When techno wizard Steve Jobs and his crew first brought us the iPod, it came pre-installed with a nifty program called 'shuffle mode.' This, of course, was designed to free your playlist from the monotony of memorized order. (Your brain is really good at identifying and then getting bored with the tedium of pattern. Case in point: those Empire carpet commercials.)
Then the complaint calls started to to flood in. "Hey, my shuffle function is busted," people would say. "What gives?" That's when Apple knew they had a problem.
Was their shiny new gizmo malfunctioning? Hardly; Apple's problem was it was working too well. When a sequence is truly random, anything can happen––up to and including an entire album getting played in order, or a playlist consisting of nothing but Carly Simon's "You're So Vain" fifteen times in a row, followed by "Beat It." Given our pattern-loving brains, it's no surprise people started worrying that maybe their iTunes was trying to tell them something.
The consumer's ability to vote with their feet forced even an iconoclast like Jobs to pay attention. And so Apple redesigned the shuffle mode, which had been truly random, to follow a carefully constructed algorithm that made sure songs did not repeat themselves all that often. In other words, Apple made their random program less random, so as to appear to the average consumer to be more random, which of course made everyone happy, except maybe the Apple engineers.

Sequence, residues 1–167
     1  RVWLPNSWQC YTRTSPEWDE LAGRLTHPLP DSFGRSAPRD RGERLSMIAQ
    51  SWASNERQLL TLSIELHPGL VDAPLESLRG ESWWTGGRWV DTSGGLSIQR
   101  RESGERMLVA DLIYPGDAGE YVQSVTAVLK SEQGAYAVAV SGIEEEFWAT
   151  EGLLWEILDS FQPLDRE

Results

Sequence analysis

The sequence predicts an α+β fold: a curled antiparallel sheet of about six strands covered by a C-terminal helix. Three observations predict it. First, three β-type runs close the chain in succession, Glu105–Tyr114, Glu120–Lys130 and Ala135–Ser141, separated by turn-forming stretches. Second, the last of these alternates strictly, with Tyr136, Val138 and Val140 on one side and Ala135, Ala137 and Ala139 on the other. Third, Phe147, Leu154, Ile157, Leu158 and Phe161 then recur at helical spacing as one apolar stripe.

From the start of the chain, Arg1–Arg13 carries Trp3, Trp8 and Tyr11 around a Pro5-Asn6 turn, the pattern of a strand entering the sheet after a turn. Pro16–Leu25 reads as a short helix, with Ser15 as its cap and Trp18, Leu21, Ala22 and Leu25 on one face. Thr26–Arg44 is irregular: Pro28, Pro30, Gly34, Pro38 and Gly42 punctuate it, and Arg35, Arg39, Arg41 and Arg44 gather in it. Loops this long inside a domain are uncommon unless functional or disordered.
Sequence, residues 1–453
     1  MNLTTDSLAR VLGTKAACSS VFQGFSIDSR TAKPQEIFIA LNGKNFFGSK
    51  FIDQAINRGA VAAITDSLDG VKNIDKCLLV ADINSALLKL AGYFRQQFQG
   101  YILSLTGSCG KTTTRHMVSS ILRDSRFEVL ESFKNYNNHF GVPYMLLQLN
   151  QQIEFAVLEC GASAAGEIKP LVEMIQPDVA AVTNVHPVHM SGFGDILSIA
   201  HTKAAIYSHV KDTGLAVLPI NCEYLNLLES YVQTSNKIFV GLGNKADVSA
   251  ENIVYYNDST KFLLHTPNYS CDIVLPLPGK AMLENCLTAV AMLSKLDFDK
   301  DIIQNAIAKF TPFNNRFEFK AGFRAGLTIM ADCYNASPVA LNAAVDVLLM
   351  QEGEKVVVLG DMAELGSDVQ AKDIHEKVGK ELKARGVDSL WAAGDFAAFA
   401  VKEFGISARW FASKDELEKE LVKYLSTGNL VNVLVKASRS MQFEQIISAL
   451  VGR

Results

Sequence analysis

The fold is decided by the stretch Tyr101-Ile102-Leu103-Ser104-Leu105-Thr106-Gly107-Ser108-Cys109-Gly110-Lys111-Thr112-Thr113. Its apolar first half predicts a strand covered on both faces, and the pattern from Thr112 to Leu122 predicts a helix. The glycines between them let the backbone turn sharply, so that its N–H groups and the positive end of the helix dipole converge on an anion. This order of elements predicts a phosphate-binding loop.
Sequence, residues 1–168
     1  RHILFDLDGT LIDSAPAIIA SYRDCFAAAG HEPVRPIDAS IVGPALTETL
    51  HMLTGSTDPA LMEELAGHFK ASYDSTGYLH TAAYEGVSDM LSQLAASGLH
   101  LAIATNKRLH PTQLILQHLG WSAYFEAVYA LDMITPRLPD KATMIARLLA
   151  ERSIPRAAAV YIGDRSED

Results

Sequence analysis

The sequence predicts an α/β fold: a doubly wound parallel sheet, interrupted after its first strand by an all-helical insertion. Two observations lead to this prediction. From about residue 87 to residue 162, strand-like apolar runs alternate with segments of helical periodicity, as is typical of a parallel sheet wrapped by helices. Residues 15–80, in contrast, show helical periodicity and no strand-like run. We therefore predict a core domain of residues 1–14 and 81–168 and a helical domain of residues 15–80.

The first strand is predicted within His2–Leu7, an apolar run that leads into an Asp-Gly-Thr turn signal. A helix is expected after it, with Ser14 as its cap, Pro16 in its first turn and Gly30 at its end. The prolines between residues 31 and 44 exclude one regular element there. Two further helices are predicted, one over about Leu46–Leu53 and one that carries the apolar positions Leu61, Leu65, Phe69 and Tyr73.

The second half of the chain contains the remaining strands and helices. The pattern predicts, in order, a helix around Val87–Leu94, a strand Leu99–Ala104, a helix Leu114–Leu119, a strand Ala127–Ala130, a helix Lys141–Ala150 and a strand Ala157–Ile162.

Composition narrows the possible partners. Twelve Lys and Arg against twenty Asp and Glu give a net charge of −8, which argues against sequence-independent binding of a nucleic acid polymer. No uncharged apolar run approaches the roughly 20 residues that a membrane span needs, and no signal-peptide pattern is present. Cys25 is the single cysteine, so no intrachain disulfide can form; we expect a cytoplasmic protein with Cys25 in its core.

But it turns out that randomness is tricky business. Even events controlled by mere chance can follow a certain pattern. That pattern is called a power law. In his book Bursts: The Hidden Patterns Behind Everything We Do, from Your E-mail to Bloody Crusades, Albert-László Barabási discusses how "many small events coexist alongside of a few extraordinary large ones." In other words, life is a relative calm occasionally broken up by sudden bursts of activity. This pattern is found in a mind-boggling range of activities: wars, coin flips, the migration pattern of birds, your cell phone dialing, stockbrokers at the exchange, animals foraging for food, human sleep patterns, and a whole lot more. The long unremarkable periods pretty much guarantee that outliers will surface sooner or later. Eventually, a Steve Jobs will burst forth out of the humdrum rest of us.
As you read these words by the light of your computer screen, you're probably surprised to learn that you are in this very moment being driven by a power law. Your email and web activity follow a pattern of relative steady use followed by a sprinkle of what Barabasi would describe as "burstiness."
And it's not just your web routine that shows bursts, but all our collective internet habits. Although humans enjoy the notion of free will, more and more science reveals how bursts are built into the very weave of our life's fabric.
So the next time you tap into your iTunes library, you can thank Mr. Jobs for creating a program that, for a brief period of time, allows us to believe we are the master of the ship, deciding when to make randomness work for us––even though in the end, there is really nothing random about it.